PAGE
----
1. I agree that it’s surprising so few have photographed this little red hut. You have redressed the balance a little though. A really enjoyable series. I am intrigued by the possible purpose of this hut too. No ideas though.

    • Will probably never know 😦 but of course it may be nothing to do with the train history or building of the actual viaduct. It may well be a farm building built much later to take advantage of the shelter under the arch.

    • Actually I guess it’s not photographed much because you can’t easily see it. It’s not visible from the road for example so you have to either come upon it by accident as I did or actively seek it out. Access is not where you would normally view from either.

  2. Why would such a simple hut require a thick concrete roof and evidence of bitumen or tar just below the roof? I think the brickwork is probably much older and this roof was added later to keep the contents dry, whatever they were – surely not workmen.

    • Good points Louis. It’s a good way from the road ( or the road where it currently is) probably 100 metres or more – I’m not good at distances!! but it’s not next to a road is what I’m getting at I suppose. I do intend to go back across there at some point to explore the ends of the Viaduct and to see if I can find out more.. I’ve quite fallen in love with the place!

  3. Always loved red as a colour. Just looked at the portraits and loved them. Weird, but as much as i love red, am totally in love with green as well. I am looking at the green just besides the “log”. Just at the foot of the wall on the second photo. I love the arrangement of the leaves and i imagine photographed besides the bright red walls would have made a pretty picture. Take me along the next time you get around this building…Hehe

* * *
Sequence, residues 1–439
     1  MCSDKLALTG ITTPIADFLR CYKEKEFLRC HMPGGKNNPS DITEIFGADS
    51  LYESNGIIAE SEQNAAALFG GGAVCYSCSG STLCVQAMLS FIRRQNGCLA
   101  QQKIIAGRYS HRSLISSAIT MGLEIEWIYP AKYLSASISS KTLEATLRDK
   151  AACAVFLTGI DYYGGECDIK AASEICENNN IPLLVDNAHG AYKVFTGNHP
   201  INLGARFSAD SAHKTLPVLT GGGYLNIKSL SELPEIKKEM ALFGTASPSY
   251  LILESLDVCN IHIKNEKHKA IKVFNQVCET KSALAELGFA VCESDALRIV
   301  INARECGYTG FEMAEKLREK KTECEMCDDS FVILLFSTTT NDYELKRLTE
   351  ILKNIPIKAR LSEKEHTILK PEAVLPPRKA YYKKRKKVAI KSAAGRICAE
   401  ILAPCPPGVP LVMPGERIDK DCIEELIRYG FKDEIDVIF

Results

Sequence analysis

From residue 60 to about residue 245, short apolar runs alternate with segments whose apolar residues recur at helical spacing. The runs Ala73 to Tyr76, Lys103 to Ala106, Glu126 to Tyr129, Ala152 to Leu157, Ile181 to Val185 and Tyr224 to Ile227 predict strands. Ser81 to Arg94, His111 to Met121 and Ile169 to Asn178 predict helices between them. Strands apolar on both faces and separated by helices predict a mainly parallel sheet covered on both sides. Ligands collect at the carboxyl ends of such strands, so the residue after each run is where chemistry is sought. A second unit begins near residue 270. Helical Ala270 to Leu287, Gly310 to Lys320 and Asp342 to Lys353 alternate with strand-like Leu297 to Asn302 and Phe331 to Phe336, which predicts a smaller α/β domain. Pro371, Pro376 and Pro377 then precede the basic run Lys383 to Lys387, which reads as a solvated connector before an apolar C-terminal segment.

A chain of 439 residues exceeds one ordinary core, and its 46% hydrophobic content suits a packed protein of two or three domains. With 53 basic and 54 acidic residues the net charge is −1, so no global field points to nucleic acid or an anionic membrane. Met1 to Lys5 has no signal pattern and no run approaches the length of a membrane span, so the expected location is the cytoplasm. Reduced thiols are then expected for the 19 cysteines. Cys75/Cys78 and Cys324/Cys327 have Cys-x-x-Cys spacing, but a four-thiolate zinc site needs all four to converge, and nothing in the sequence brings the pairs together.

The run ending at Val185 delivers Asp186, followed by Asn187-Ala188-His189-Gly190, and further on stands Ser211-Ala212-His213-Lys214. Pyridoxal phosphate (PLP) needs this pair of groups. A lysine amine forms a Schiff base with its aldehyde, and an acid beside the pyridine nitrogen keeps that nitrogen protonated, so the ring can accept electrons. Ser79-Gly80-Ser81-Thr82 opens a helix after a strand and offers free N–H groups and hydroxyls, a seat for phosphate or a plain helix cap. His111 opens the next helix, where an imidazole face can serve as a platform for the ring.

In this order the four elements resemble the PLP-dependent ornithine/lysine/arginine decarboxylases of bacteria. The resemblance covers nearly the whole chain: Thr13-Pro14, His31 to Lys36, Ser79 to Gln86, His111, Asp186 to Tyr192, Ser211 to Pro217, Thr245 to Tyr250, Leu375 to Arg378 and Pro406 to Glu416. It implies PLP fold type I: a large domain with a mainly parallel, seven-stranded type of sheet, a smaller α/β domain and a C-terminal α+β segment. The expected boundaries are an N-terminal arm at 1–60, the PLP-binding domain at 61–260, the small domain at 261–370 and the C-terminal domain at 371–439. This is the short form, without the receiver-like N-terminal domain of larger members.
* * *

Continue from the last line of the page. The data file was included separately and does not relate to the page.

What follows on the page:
4. Hi, I live locally to Harringworth and also know some Harringworth folk, born and bred. They assure me that these are workers cottages built around the time of the construction of the viaduct.

    The holes in the window frame were for securing shutters, from the inside.

    The wooden post I am told is missing another post parallel to it, and a handle…and a….sharpening stone. The cut marks you see are the result of workers drawing their tools across the wood just to see how sharp they have made their blades. At least one stone still exists in one of the gardens in Harringworth.

    There are also two more huts. One is vandalised, but you should find another at the Seaton end of the viaduct.

    • Oh thank you so much for this Kenny. I will add it into my post.. and I do hope you enjoyed this series.. Did you look at them all? Please do and if you want to make any more commenst they are very welcome 🙂

  5. PS…Don’t think of the licquor as illicit…I will have to dig out my copy of the “Harringworth Millenium Book”, produced in 2000, which does talk about the viaduct. During the construction beer and licquor was in plentiful supply and pretty much written into the terms and conditions of employment!

  6. Pingback: Portrait of the Dandelion 6 – Final shots « Helen's Photomania Blog – a 366 of sorts.

  7. So lovely to see pure brickwork in a building, makes me nostalgic for England where I grew up, and so lacking in Vancouver, Canada where I live now…Thank you.